After weeks of teasing, Google announced it was adding gesture-based navigation to Android P at Google I/O 2018. The feature reduces the need for dedicated navigation keys, letting you swipe your way around the phone instead.
Some were eager to point out that Google swiped (heh) the feature from the iPhone X. Last year’s super premium Apple flagship eschewed the traditional home button for gesture navigation last year and it’s hard not to see the obvious inspiration in Android P.
The multitasking gesture is basically identical, as you swipe up from the bottom to view your recent apps. The app switching gesture, where users swipe laterally at the bottom of the screen is just like the iPhone X.
Google clearly thought Apple’s feature was good enough to use. You know what? That’s just how the smartphone industry works. For every time Google shamelessly nicked an Apple or OEM feature, Apple’s done the same thing.
The iPhone X gestures were taken from also-ran operating systems like webOS, MeeGo, and BlackBerry 10, which all ditched buttons for swipes long before Apple and Google. More specifically, Apple took lateral swiping for app switching from webOS and the upward swipe to view recent apps or unlock the screen from BlackBerry 10.
Apple isn’t above grabbing features from its arch-rival and Android OEMs either. The Essential Phone had the notch first, back in August 2017. The iPhone X followed with its own notch in September. This was likely more a case of parallel thinking, but there are more than a few examples of the Cupertino company appropriating Android phone features.
Apple’s Live Photos feature was heavily inspired by HTC Zoe (and Nokia’s Living Images). The company added third-party keyboard support in iOS 8, something available on Android for years. Apple also grabbed Google’s notification shade dropdown menu when it launched iOS 5.
Don’t forget Siri Proactive (Apple’s take on Google Feed), the QuickType keyboard (heavily inspired by Windows Phone 7 and the SwiftKey keyboard), actionable notifications (Android) and Apple Photos (copying Google Photos’ seamless backup/categorization chops).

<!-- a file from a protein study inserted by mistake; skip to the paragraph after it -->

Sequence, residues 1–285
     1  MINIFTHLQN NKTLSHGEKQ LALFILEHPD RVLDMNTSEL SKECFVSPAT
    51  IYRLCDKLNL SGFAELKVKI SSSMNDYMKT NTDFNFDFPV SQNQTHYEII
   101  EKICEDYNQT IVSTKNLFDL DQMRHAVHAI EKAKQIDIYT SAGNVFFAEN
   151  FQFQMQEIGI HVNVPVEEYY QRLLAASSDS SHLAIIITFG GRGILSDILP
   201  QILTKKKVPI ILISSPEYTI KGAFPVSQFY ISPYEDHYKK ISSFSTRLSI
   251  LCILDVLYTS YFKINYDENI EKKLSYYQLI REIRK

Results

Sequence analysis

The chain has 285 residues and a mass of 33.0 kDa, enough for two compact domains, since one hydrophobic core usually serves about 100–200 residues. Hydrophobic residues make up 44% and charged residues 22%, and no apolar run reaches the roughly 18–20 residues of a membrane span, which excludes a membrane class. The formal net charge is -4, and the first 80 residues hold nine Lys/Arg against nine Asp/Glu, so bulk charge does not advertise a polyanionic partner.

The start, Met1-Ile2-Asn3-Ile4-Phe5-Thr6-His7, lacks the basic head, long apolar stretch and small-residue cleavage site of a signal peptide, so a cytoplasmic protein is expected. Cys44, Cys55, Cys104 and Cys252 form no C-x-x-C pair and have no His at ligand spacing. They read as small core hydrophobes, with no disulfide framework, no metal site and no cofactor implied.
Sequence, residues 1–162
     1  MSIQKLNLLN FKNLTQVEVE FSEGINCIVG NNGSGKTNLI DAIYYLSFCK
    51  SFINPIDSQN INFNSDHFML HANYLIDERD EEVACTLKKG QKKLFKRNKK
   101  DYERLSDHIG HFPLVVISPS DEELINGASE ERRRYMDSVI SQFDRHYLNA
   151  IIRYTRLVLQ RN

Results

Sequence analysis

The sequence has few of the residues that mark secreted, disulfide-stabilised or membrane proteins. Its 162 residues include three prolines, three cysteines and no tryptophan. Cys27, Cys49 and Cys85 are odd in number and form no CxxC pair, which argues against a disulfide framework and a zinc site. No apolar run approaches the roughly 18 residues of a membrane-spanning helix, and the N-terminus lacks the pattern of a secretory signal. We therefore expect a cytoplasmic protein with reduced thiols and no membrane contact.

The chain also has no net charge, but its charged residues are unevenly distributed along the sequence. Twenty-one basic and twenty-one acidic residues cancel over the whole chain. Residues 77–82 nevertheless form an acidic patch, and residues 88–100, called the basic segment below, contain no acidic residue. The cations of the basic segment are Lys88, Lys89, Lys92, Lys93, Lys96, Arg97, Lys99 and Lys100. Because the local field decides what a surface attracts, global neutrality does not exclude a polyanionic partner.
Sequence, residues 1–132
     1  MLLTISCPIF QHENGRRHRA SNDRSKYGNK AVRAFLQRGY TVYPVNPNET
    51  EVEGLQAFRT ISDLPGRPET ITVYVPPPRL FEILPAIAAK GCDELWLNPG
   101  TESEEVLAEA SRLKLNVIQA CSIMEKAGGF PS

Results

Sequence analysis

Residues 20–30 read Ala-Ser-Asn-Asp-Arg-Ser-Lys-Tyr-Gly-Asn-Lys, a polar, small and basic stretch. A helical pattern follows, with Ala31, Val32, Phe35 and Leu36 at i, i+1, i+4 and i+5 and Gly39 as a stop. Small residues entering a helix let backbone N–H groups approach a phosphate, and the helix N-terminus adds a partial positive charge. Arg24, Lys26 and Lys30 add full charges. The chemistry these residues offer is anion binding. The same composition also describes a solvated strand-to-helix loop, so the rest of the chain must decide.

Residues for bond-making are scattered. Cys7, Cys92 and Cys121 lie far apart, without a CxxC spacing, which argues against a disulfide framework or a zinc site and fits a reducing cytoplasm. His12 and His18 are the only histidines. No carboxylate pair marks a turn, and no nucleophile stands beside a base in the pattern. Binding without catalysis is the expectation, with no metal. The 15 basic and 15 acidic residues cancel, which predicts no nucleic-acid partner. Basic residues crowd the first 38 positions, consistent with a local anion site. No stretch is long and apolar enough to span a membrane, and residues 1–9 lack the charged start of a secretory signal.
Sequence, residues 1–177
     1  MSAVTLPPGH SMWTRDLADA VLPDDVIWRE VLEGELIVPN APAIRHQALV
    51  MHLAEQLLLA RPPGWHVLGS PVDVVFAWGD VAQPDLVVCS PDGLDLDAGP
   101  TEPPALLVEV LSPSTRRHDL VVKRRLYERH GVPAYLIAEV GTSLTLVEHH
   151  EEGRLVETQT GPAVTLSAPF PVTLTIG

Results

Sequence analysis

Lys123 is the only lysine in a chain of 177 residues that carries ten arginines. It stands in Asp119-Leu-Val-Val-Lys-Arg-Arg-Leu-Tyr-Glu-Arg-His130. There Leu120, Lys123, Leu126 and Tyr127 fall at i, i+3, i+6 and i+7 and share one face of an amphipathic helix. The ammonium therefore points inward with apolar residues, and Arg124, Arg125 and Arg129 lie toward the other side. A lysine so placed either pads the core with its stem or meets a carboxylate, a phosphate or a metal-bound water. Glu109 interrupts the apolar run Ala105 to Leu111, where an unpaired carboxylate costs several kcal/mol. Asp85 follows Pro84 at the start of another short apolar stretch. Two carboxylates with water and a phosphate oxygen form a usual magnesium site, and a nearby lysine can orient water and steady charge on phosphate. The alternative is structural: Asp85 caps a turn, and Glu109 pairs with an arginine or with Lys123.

Feature theft isn’t going anywhere
Google is just as guilty — it resorts to nicking features from Apple, Android partners and third parties too. Heck, it’s sucked recent app cards (webOS), ARCore (ARKit), family library support (Apple), mobile data tracking (third-party apps and various OEMs), a battery saving mode (Android OEMs and Windows Phone), pinch to zoom and multi-touch (Apple), flip to mute (Samsung and Lenovo), dual-SIM support (feature phones and various OEMs), double-tap-to-wake (Nokia), and fingerprint gestures (Huawei) into pure Android.
This kind behavior isn’t necessarily a bad thing. A good established feature doesn’t necessarily need to change, but there should also be space for adopting alternatives like swipe gestures. Just because it’s an established feature that works well doesn’t mean it should never change — no feature is too precious to replace. Ultimately, if someone’s got a good idea, why not adopt it?
The big question is whether all this feature cribbing has made Android and iOS to similar — save for their app ecosystems. As Apple adds more features (including Android ones), it becomes more like Google’s platform. As Google continues to polish the user interface and focuses on speedy updates, it starts to resemble iOS. Maybe we need another brilliant yet doomed third mobile platform to give the duopoly some inspiration.